In response to my post on Name Generators for Learning Scenarios, someone asked,
“Does it really matter if we choose John instead of Bob?”
Christina, a graduate student who critiqued my blog post said she wished that post went deeper and listed some unanswered questions.
“For example does the name have to be of a certain neutrality or a certain ethnicity? What about gender? What are the latest trends and best practices in regards to gender roles in instructional design materials?”
I would argue that the diversity of our characters and visuals should reflect the diversity of our audience. When in doubt, I tend to err on the side of being more diverse in my representation rather than more homogeneous. I’d rather show an aspiration of diversity, even if organizations haven’t reached that goal of diverse representation in real life yet.
Names have power. Different names have different implications of age, race, background, etc. If you only ever call your characters Bob and John, you never represent women or anyone that isn’t a white, middle-aged, middle class man. If your audience is mostly 20-something and Latino, they’re going to have a harder time identifying with your characters.
Being part of a diverse team makes us smarter and more innovative. Diversity is good for business and for society as a whole. As instructional designers, I think we have a social responsibility to support diversity in the learning experiences we create.
For most learning scenarios, I aim for a roughly 50/50 split of women and men because that’s what the world population looks like. Your workplace might actually be closer to 60/40, but in general, an even split is a good goal.
In some industries, an even split isn’t realistic. Firefighters, for example, are overwhelmingly male. I wouldn’t try to create a 50/50 split if I was designing a course for firefighters. I would, however, try to have at least one or two female characters.
Women should also be represented as managers, mentors, and leaders. I create a fair number of courses with two narrators like my coaching and mentoring course. In those courses, one character is a mentor explaining content to someone less experienced. I try to alternate male/female for the role of the mentor, especially if I create multiple courses for the same client.
Race and Images
An informal poll in a LinkedIn group showed that most IDs and eLearning developers are already trying to represent diversity in race in the images in their courses. This can be a challenge with stock photos. Trina Rimmer provides excellent suggestions for how to work around the lack of diversity in her recent article The Lack of Diversity in Stock Images Hurts Your eLearning—and What to Do About It. Her ideas include taking your own images, altering stock photos, and using illustrations that don’t obviously show race. I’ve also seen silhouettes used for that same purpose.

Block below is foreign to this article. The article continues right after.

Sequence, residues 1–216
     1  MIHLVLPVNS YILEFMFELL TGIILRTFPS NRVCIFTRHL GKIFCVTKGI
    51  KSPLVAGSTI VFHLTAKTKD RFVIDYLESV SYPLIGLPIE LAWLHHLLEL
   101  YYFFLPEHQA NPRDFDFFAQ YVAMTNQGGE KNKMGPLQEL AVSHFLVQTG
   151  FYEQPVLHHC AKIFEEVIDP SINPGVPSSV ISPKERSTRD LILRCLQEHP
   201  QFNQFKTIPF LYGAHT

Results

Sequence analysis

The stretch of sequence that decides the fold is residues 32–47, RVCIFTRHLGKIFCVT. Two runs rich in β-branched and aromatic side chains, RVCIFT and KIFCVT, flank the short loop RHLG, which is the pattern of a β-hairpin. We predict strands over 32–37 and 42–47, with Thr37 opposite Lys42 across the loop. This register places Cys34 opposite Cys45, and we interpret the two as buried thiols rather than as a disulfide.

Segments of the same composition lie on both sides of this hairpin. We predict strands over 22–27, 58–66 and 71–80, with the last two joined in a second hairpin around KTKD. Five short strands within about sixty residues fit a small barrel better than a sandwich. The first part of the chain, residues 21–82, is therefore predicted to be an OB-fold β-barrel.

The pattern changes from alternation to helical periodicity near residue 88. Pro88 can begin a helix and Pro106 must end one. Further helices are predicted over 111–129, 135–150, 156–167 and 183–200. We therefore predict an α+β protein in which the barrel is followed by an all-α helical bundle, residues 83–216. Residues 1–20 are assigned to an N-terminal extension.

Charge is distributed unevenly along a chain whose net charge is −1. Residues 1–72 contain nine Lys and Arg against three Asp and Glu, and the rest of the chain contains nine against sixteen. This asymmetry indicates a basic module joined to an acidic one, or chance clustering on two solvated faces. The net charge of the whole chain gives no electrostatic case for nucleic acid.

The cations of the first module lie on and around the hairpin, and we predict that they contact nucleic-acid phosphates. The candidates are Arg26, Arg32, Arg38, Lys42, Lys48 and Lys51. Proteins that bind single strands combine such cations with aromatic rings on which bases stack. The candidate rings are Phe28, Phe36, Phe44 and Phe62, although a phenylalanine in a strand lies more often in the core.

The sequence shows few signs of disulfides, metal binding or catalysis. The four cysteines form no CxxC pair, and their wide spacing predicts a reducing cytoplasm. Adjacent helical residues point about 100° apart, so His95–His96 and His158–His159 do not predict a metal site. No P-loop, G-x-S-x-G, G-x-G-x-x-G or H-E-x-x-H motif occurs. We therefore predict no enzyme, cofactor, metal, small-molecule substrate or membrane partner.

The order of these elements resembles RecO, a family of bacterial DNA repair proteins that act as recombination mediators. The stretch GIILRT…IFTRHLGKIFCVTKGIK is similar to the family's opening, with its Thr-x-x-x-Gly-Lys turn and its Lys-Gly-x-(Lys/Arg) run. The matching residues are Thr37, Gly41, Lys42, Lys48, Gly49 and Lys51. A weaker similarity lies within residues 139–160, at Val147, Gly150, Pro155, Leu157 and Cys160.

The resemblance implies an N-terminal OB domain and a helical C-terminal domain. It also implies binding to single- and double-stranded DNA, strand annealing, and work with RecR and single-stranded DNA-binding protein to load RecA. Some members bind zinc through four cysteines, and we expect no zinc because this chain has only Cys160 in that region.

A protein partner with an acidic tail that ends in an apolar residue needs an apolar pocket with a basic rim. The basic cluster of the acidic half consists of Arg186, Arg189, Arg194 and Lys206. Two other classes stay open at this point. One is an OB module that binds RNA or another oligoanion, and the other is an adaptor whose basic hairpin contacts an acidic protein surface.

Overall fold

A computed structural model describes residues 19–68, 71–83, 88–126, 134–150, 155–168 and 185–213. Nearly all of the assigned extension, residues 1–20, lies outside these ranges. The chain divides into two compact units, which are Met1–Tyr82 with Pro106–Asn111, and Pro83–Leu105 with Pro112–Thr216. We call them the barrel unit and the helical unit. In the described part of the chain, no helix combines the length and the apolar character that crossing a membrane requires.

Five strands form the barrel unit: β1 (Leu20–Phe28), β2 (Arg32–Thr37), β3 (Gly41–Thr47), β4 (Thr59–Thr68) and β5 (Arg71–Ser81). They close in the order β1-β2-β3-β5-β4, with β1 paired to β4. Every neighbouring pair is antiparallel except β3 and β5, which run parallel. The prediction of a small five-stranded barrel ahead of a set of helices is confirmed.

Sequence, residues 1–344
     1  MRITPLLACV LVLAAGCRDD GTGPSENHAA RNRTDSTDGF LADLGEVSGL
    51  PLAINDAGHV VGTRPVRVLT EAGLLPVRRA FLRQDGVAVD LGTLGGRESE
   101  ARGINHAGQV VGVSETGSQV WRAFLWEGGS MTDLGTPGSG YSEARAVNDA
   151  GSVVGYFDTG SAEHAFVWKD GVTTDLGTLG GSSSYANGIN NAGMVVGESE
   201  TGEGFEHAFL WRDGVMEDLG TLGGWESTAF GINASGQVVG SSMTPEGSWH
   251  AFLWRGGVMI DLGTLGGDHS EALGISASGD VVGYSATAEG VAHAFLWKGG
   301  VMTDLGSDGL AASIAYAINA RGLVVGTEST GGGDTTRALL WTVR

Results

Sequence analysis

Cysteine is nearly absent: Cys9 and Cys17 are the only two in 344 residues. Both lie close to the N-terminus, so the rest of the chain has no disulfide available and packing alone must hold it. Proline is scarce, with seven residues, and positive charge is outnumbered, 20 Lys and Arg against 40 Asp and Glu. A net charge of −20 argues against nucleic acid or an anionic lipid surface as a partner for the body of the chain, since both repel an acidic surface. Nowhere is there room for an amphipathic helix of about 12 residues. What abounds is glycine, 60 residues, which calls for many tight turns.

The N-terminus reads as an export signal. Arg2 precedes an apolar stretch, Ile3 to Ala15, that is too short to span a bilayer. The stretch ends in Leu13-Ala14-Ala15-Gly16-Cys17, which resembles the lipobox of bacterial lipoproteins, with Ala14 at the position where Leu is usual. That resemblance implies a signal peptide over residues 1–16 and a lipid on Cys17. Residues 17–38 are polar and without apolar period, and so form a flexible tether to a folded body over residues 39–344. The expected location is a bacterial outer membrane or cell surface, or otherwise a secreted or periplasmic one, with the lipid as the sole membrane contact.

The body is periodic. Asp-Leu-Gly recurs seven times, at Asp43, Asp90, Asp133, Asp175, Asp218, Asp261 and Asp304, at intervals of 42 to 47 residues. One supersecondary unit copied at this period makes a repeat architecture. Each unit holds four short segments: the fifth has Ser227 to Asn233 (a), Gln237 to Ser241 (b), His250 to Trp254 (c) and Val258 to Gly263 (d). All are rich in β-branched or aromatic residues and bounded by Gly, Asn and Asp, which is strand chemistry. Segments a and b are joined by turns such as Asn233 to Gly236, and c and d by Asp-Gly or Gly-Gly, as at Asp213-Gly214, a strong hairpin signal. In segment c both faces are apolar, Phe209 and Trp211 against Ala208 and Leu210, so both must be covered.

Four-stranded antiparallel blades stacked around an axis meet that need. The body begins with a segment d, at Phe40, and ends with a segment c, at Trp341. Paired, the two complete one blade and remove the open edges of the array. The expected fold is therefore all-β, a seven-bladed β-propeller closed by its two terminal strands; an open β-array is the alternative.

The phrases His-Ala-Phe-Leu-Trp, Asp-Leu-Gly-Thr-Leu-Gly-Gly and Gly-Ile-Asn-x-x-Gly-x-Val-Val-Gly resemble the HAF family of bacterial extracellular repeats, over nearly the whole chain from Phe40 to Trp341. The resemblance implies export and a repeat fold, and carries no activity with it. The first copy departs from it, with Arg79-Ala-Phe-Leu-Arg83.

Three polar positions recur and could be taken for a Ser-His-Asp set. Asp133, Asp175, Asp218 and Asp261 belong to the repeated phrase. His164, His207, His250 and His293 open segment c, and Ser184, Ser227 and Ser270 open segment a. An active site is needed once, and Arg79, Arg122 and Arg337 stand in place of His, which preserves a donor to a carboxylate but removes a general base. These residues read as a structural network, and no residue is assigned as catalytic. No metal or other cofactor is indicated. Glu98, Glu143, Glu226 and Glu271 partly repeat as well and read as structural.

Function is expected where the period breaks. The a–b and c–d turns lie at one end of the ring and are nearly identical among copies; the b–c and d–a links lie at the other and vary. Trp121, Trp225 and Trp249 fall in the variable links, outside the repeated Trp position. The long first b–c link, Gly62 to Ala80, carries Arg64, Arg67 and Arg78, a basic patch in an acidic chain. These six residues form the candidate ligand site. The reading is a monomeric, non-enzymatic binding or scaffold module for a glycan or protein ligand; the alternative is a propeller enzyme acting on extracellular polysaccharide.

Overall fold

I often use stock images for mini-scenarios. If I need multiple images of the same character, I usually use cutout characters from the eLearning Brothers library. Especially for business people, their library has diversity of gender, race, age, ability, and body type. Not everyone in their library is a skinny model; it’s more realistic.
I adjust the racial diversity of my characters and examples depending on the audience. For example, I wrote a course on improving educational outcomes for Native Americans. Native Americans make up about 1% of the US population, but they make up less than 1% of the models on stock photo sites. Stock photos of Native Americans often show exactly the kinds of stereotypes we were trying to combat in that course. It took some creativity and diligent filtering to find the right images.
As I explained in my previous post, I use name generators to help me create more authentic names of Latino or Asian characters. For the Native American course, the SME provided the name of one major character, and I researched common names for another character.
Are there exceptions to aiming for diversity in characters? Overall, it depends on your audience. The person who asked why it matters if we call characters Bob or John lives and works in an Eastern European country with a fairly homogeneous population. He says he doesn’t use diverse examples, and he uses traditional names in his country. That may be the best choice for his audience (although I’d still argue for gender diversity in images and characters).
In the US, most organizations expect some diversity in the images for their courses. My experience with global companies has shown the same to be true in those settings, perhaps more so.
What Do You Do?
If you create characters for learning scenarios, are you conscious of the diversity of those characters? How do you reflect your audience in your examples? I’m especially interested in hearing about people outside the US; I wonder if the cultural standards differ in other countries.